Monday, March 10, 2014
SAN FRANCISCO - Amazon.com is stepping up a warehouse building spree, signaling the urgency of getting products to customers more quickly amid rising competition from eBay and Walmart.
The Amazon.com warehouse in Goodyear, Ariz., is one of the retailer’s older facilities. It has built at least 50 since 2010.
Bloomberg News photo by Joshua Lott
Consider Amazon's center in Chattanooga, Tenn., which opened in 2011 after about 10 months, compared with as much as two years for older warehouses. Boasting more space and technology that makes it easier to find items, the building is part of Amazon's almost $13.9 billion spending binge on fulfillment expenses -- including 50 new facilities -- since 2010.
That brought the total to 89 at the end of 2012. Amazon has announced five more in the United States this year.
"We've standardized them in such a way that opening them and replicating them happens very fast," Dave Clark, vice president of worldwide operations and customer service, said in an interview at the Chattanooga building.
The warehouse strategy carries risk. Fulfillment has become Amazon's top operating expense, squeezing profit margins and contributing to a $39 million loss at the Seattle-based company last year. Yet CEO Jeff Bezos is under pressure to move more quickly as rivals including eBay and Walmart devise their own faster ways to deliver products.
"What Walmart and eBay are working on is can they be faster than Amazon," said Matt Nemer, a San Francisco-based analyst at Wells Fargo & Co. "It might not be the highest margin sale in the world, but they can potentially get something to you in an hour."
At stake is leadership in the growing market for products that can be ordered online and then delivered to a customer's door or a nearby store within hours. EBay has rolled out same-day delivery in some cities. And Walmart is increasingly moving its $482 billion in estimated fiscal 2014 sales online. The retailer has more than 4,700 stores across the United States, most just a few miles from consumers' homes.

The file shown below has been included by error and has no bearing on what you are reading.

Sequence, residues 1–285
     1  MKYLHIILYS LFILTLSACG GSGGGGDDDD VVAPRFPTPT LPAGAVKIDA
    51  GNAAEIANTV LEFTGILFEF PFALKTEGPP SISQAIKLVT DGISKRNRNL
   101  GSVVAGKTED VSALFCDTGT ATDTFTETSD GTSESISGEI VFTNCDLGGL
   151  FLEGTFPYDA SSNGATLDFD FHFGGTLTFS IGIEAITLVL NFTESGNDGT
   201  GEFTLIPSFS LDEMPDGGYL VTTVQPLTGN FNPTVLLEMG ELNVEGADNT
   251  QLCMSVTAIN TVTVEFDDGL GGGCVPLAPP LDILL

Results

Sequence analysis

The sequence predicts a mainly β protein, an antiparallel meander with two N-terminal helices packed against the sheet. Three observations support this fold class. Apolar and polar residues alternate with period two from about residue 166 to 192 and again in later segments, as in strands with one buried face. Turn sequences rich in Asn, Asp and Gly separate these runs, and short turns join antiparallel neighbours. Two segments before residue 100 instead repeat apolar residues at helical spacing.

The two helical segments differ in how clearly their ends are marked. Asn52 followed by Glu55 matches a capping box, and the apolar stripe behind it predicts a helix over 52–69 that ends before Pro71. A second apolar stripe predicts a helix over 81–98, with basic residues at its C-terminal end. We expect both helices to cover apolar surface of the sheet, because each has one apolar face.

Some competitors are either building their own delivery networks or relying on third parties, such as United Parcel Service. Amazon charges $3.99 and up for same-day and one-day delivery for users of its of Prime program, which includes unlimited two-day delivery for $79 a year. Non-Prime customers pay $8.99 and up.
So far, investors are giving Bezos the benefit of the doubt on the spending rampage. Amazon's stock, which rose less than 1 percent yesterday to close at $285.57, has more than doubled since the start of 2010.
Amazon's spending on fulfillment jumped more than 40 percent annually from 2010 to 2012, compared with 24 percent in 2009, according to data compiled by Bloomberg.
The spending is crimping Amazon's margins. The company's trailing 12-month operating margin of 0.95 percent lumps it in the bottom 3 percent of peers in the Standard & Poor's 500 Index -- even though it ranks among the top 10 percent of that group by sales, according to data compiled by Bloomberg.
And the margin pressure is rising as the price tag associated with warehouses is set to increase. The company said last month that it's adding more than 5,000 full-time jobs in 17 U.S. warehouses. Those new hires will join more than 20,000 employees. Amazon said it's also bringing on 2,000 staff for customer service, including part-time and seasonal workers.